The R129 has always been my favorite iteration of the SL roadster. Softer and more modern than the classic R107 that it replaced, but still sufficiently angular that it doesn’t succumb to the awful jelly bean aesthetic of the late 80s and early 90s, the quintessentially Mercedes design remains attractive today; sporty and taut yet elegant and handsome. While most US buyers opted for the V8 500SL or the range topping and magnificent V12 in the 600SL, the car could also be had with an entry level 3.0 liter straight six, as found in this 300SL version. Already a relatively uncommon spec, this car features the especially rare manual gearbox, available only on six cylinder R129s.
I’m whole-heartedly behind the thought of an event vehicle, as I want to be able to tow my Audi Coupe GT track car to the event. Why? Well, as fun as it is to drive, driving it hundreds of miles in race seats on race suspension with no radio and no A/C gets…well, trying. But when it comes to towing even something fairly light like my Coupe, the Vanagon is a no-go.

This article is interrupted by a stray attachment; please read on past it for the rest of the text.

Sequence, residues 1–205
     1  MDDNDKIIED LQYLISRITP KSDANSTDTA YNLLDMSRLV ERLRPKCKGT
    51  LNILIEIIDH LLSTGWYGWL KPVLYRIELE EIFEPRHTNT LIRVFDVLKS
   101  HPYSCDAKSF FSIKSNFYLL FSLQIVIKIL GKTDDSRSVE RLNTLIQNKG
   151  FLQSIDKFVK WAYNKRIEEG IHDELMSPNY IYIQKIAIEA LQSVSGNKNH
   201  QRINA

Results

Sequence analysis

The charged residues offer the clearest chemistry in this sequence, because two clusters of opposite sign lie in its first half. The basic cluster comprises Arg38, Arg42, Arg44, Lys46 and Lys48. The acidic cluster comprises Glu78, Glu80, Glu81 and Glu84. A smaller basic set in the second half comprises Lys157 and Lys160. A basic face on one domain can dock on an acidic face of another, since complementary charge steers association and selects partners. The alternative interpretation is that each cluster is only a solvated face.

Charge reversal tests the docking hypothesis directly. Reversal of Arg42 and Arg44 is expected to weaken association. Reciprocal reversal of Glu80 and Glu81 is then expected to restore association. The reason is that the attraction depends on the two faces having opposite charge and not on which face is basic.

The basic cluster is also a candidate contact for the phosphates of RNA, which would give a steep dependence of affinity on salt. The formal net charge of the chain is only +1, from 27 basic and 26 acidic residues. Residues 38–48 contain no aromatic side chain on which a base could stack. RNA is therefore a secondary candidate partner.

Many years ago I was surprised when a friend of mine arrived at the track towing his E30 M3. It wasn’t that he towed it there, it was what he towed it there with – a then new VR6 24v EuroVan. I starred at the Volkswagen in disbelief; it just shouldn’t have been able to do it, but he assured me that it towed quite well, had room for many or much, and was very comfortable. There’s additionally the benefit of having a dual purpose vehicle; while many “tow vehicles” spend a lot of their time stationary, the EuroVan easily transforms with no modifications to a family truckster with room for most of your child’s grade school class. Even the non-weekender, when pushed, can further double as a light camper. My nomination then for “GCFSB Company Vehicle” is the VR6 24V EuroVan GLS, like this brilliant red one today:
Model: Eurovan GLS
Engine: 2.8 liter narrow-angle VR6
Transmission: 4-speed automatic
Mileage: 116,485 mi
Price: $9,995 Buy It Now
2002 VW EUROVAN. Nice and Sharp Looking loaded with most of the options. Texas Owner so there is absolute NO Rust. compare it with the other vehicles being sold on the North East region with bunch of snow. Even with slightly high miles, it runs and drives awesome.